For example, the question of universal peace, about which Bahá’u’lláh says that the Supreme Tribunal must be established: although the League of Nations has been brought into existence, yet it is incapable of establishing universal peace. But the Supreme Tribunal which Bahá’u’lláh has described will fulfill this sacred task with the utmost might and power. And His plan is this: that the national assemblies of each country and nation—that is to say parliaments—should elect two or three persons who are the choicest of that nation, and are well informed concerning international laws and the relations between governments and aware of the essential needs of the world of humanity in this day. The number of these representatives should be in proportion to the number of inhabitants of that country. The election of these souls who are chosen by the national assembly, that is, the parliament, must be confirmed by the upper house, the congress and the cabinet and also by the president or monarch so these persons may be the elected ones of all the nation and the government. The Supreme Tribunal will be composed of these people and all mankind will thus have a share therein, for every one of these delegates is fully representative of his nation. When the Supreme Tribunal gives a ruling on any international question, either unanimously or by majority rule, there will no longer be any pretext for the plaintiff or ground of objection for the defendant. In case any of the governments or nations, in the execution of the irrefutable decision of the Supreme Tribunal, be negligent or dilatory, the rest of the nations will rise up against it, because all the governments and nations of the world are the supporters of this Supreme Tribunal. Consider what a firm foundation this is! But by a limited and restricted League the purpose will not be realized as it ought and should. This is the truth about the situation, which has been stated.…

(Tablet to the Executive Committee of the Central Organization for a Durable Peace, Selections from the Writings of ‘Abdu’l‑Bahá, pp. 306–7)

A Supreme Tribunal shall be established by the peoples and Governments of every nation, composed of members elected from each country and Government. The members of this Great Council shall assemble in unity. All disputes of an international character shall be submitted to this Court, its work being to arrange by arbitration everything which otherwise would be a cause of war. The mission of this Tribunal would be to prevent war.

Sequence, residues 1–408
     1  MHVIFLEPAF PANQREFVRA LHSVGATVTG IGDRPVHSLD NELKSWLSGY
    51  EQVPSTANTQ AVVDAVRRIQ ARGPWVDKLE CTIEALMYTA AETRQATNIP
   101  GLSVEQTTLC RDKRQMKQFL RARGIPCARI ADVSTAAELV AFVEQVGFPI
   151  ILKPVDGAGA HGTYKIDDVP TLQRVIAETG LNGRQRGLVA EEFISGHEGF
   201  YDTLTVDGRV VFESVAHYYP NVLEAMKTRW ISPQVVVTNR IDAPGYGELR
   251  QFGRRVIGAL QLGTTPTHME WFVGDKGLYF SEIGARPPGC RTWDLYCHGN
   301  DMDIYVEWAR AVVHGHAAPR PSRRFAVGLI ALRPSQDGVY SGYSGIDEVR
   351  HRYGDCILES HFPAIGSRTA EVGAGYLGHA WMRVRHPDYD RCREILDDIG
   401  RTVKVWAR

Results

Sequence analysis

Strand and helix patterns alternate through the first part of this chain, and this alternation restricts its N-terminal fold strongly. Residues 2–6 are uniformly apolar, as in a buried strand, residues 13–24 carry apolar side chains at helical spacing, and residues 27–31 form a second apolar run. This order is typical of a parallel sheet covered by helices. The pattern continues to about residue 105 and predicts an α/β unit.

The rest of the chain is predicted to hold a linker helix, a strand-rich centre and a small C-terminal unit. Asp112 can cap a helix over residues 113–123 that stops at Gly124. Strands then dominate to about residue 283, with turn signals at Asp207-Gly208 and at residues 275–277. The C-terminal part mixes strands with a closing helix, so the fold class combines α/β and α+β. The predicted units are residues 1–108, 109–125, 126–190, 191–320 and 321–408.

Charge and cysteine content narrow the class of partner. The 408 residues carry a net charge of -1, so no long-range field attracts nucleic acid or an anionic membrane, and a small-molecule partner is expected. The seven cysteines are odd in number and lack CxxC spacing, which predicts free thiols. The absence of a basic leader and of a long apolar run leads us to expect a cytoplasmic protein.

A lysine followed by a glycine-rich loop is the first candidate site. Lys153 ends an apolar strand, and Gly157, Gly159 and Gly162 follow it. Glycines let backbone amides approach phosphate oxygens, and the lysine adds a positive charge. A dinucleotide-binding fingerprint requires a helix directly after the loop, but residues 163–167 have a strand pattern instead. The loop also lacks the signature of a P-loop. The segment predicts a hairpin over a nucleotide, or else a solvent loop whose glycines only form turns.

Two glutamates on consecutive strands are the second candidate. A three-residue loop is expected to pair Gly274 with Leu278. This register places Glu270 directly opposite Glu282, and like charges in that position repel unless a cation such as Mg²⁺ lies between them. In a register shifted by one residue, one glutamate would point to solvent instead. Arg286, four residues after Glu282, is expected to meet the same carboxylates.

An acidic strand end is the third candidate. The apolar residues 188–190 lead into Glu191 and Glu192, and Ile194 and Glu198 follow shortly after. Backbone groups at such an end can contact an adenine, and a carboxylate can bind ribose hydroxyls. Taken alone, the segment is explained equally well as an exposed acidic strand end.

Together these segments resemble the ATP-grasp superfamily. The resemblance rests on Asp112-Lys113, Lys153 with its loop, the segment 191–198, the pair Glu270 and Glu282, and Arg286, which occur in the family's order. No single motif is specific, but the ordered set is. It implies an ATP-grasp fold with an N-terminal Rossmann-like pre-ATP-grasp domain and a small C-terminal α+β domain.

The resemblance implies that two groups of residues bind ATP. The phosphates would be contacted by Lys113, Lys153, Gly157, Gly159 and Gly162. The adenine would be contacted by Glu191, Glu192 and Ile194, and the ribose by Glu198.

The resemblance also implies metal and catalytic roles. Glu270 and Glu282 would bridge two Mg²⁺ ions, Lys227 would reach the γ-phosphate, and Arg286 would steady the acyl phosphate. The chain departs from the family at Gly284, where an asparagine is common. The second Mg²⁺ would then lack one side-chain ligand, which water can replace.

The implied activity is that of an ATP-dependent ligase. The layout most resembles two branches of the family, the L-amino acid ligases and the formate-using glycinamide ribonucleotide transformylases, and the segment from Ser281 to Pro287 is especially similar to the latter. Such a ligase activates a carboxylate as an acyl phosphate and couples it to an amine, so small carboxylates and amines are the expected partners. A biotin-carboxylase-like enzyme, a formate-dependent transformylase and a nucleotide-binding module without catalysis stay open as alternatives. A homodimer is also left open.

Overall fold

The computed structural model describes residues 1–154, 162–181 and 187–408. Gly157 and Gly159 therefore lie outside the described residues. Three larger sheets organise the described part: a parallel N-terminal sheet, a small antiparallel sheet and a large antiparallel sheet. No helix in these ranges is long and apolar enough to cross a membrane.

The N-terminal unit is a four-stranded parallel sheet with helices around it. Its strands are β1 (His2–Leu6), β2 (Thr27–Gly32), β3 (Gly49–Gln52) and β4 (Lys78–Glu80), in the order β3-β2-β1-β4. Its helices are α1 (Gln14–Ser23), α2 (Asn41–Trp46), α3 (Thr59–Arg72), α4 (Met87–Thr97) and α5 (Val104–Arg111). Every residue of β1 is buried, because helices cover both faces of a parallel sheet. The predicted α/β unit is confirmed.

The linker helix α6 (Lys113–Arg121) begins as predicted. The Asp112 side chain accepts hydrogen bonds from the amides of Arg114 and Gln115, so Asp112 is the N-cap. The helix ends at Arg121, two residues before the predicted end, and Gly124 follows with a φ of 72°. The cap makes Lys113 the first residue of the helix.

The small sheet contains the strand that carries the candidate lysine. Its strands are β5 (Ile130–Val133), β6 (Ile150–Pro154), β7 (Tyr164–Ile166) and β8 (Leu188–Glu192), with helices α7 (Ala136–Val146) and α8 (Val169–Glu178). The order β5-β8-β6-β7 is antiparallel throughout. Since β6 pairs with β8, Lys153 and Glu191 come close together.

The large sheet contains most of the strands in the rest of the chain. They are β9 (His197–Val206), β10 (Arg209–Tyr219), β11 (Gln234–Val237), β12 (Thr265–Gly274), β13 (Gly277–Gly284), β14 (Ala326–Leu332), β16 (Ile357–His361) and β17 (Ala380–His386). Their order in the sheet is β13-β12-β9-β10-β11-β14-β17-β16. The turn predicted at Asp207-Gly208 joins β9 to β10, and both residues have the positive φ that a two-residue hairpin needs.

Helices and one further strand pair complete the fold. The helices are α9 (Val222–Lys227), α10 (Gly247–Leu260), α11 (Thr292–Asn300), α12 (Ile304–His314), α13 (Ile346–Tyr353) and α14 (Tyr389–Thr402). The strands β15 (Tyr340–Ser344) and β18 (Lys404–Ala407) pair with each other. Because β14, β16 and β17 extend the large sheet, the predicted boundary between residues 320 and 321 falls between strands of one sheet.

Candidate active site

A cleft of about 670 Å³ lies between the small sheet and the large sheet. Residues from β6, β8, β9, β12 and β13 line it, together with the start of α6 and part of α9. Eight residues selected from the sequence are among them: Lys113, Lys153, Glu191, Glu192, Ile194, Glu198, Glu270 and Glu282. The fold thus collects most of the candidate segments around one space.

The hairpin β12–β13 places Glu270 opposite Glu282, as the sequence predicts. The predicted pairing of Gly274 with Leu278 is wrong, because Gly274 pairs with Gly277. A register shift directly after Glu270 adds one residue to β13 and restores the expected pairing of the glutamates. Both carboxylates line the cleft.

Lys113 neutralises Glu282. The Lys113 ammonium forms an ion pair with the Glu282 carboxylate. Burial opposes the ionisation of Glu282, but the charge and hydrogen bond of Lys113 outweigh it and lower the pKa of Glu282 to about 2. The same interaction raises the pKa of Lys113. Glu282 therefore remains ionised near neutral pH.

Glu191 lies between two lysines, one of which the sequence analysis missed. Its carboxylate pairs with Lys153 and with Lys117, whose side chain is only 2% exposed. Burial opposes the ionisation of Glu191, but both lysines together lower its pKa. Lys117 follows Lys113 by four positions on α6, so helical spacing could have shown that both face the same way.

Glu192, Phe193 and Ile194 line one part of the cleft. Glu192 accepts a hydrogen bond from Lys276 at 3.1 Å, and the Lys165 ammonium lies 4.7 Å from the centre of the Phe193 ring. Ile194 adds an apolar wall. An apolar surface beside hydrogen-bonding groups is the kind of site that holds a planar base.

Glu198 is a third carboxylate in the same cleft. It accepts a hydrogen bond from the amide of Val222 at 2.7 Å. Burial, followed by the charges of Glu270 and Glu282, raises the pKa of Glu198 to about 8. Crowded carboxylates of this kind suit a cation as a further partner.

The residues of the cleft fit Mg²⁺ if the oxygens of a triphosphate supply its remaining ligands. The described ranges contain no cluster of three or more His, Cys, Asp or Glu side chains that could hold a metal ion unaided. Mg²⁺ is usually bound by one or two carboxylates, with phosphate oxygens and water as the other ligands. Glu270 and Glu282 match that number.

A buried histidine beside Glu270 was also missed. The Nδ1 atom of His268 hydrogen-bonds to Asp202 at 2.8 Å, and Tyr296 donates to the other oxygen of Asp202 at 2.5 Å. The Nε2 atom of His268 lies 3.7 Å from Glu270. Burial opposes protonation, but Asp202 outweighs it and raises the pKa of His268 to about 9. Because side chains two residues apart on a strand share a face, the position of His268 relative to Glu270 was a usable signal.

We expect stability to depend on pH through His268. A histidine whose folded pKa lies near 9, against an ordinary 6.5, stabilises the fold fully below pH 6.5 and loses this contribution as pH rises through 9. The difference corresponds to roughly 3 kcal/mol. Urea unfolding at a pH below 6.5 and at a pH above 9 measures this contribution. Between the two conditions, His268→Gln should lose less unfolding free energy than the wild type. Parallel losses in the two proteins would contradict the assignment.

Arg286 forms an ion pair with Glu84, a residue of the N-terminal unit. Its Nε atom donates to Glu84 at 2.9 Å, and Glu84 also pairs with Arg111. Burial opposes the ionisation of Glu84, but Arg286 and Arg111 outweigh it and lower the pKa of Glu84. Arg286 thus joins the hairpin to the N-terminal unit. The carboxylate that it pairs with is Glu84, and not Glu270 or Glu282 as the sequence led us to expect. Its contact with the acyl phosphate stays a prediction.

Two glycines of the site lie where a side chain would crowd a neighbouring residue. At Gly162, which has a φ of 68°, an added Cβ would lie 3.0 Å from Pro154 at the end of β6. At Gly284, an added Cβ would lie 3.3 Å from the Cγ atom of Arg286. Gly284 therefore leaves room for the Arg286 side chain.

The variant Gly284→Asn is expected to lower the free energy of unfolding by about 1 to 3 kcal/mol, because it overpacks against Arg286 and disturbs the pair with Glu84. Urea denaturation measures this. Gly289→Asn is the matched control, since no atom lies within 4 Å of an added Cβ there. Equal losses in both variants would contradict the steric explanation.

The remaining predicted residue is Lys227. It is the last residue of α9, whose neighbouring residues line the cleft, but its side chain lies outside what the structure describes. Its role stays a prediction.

(Paris Talks: Addresses Given by ‘Abdu’l‑Bahá in Paris in 1911–1912, 11th ed. [London: Bahá’í Publishing Trust, 1979], p. 155)

From letters written on behalf of the Guardian to individual believers

The Supreme Tribunal

The Universal Court of Arbitration and the International Tribunal are the same. When the Bahá’í State will be established they will be merged in the Universal House of Justice.

(17 June 1933)

As regards the International Executive referred to by the Guardian in his “Goal of a New World Order,” it should be noted that this statement refers by no means to the Bahá’í Commonwealth of the future, but simply to that world government which will herald the advent and lead to the final establishment of the World Order of Bahá’u’lláh. The formation of this International Executive, which corresponds to the executive head or board in present-day national governments, is but a step leading to the Bahá’í world government of the future, and hence should not be identified with either the institution of the Guardianship or that of the International House of Justice.

(17 March 1934)
(refers to pp. 40–41 of The World Order of Bahá’u’lláh)

1 and 2 The Supreme Tribunal is an aspect of a World Super-state; the exact nature of its relationship to that State we cannot at present foresee.

(19 November 1945)

The above statement was in reply to the following questions:

  1. 1 Is the Supreme Tribunal the world court or world tribunal referred to in “The Unfoldment of World Civilization,” p. 43, and “Goal of a New World Order,” p. 20? [See The World Order of Bahá’u’lláh, pp. 203 and 41.] Is it part of the world Super-State just as our Supreme Court is part of the federal government at Washington?

  2. 2 Will the Supreme Tribunal (a world court) exist apart from the world government?

The Lesser Peace

With reference to the question you have asked concerning the time and means through which the Lesser and Most Great Peace, referred to by Bahá’u’lláh, will be established, following the coming World War: Your view that the Lesser Peace will come about through the political efforts of the states and nations of the world, and independently of any direct Bahá’í plan or effort, and the Most Great Peace be established through the instrumentality of the believers, and by the direct operation of the laws and principles revealed by Bahá’u’lláh and the functioning of the Universal House of Justice as the supreme organ of the Bahá’í superstate—your view on this subject is quite correct and in full accord with the pronouncements of the Guardian as embodied in “The Unfoldment of World Civilization.”

(14 March 1939)

This document has been downloaded from the Bahá’í Reference Library. You are free to use its content subject to the terms of use found at